ALBANY, N.Y. (NEWS10) – A long-running basketball tournament in Arbor Hill faces cancellation this year.
Hundreds play in the Joyce E King tournament during the second weekend of August. Latunde King started it 13 years ago in memory of his mother who was known throughout the community.
This year would have been the JEK tournament’s 14th year. The event drew hundreds of athletes to this court. The organizer says he’s willing to do what it takes, to keep the clock running.
It’s still hard for King to talk about his mother Joyce who passed away 14 years ago.
Everyone knew she shared her son’s love for the game.
“That’s what she loved, you know?”
So he started a tournament in her name.
“The kids, they’re able to showcase their talent. We’ve had various players that have been college bound, NBA bound, that have played in this tournament.”
Albany Police say the last three years have had significant violence.
“People were getting shot, stabbed, and knocked out,” Albany Police Chief Brandon Cox said. “There are multiple guns over the last couple of years that have been recovered. That’s not safe for everybody that’s attending that and it’s not safe for neighbors in the area.”
In light of recent attacks on law enforcement, some community leaders are calling for the tournament to bridge the divide.
“I think this could be a great time for police and community to get to that point where they can have better relationships,” Mark Robinson, 5th Ward of the Albany Common Council, said.
King is extending an invite to police, because he isn’t ready to bench the hundreds of JEK players.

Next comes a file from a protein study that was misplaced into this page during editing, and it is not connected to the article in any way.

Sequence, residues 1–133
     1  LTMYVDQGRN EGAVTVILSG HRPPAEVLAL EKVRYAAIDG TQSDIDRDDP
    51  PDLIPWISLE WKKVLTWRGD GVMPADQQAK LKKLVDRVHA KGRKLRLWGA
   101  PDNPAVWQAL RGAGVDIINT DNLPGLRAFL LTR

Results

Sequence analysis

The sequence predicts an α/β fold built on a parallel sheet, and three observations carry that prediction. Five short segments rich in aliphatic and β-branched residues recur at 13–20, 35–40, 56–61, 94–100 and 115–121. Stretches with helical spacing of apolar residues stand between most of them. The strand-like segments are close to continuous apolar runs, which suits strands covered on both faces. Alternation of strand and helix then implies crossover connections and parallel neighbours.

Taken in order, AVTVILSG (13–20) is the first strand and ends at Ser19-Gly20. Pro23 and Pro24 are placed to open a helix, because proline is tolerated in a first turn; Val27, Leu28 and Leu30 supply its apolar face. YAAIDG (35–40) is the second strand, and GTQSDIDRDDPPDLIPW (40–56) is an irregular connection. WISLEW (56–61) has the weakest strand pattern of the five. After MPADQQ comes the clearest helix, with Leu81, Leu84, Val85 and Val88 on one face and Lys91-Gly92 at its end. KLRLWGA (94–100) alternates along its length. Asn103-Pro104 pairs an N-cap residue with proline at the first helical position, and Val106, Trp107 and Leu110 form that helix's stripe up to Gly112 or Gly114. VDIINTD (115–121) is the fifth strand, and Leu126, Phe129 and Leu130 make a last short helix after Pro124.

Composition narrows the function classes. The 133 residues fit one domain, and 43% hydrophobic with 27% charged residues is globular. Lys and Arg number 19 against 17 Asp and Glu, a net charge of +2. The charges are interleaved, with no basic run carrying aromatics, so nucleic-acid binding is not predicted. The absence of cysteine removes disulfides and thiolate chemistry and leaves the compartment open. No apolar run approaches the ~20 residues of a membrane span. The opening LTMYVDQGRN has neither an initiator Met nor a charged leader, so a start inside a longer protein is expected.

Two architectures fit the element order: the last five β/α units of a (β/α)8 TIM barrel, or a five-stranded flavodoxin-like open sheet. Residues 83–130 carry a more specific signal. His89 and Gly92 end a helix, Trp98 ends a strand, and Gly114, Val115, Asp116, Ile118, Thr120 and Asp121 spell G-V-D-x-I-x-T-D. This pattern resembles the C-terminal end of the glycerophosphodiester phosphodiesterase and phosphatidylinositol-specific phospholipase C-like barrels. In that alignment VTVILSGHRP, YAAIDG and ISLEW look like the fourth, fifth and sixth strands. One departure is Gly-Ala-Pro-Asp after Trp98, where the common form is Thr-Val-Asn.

“Not to the point where I’m ready to give up. I need answers, like what can we do to make this go on like it has to go on.”
There is a meeting Wednesday night to discuss the games, but organizers still need a special event permit, which they were denied in June.
Albany Police say organizers haven’t followed through with plans to keep the event safe.
Police say one year they responded to a shooting and a stabbing. Games have also been stopped because of fights.
King says many families and young athletes look forward to the games every year. He’s willing to do what it takes to keep it going.
“Not to the point where I’m ready to give up. I need answers like what can we do to make this go on. It has to go on. It’s so big now, not just because of my mom, but for the community,” King said.
Police says the organizers didn’t apply for a permit until late June.
Organizers would have to make compromises, may be on timing and security.
Chief Cox says that was the case for city events like St. Patrick’s Day Parade when colleges changed Spring Break schedules after things got out of hand one year.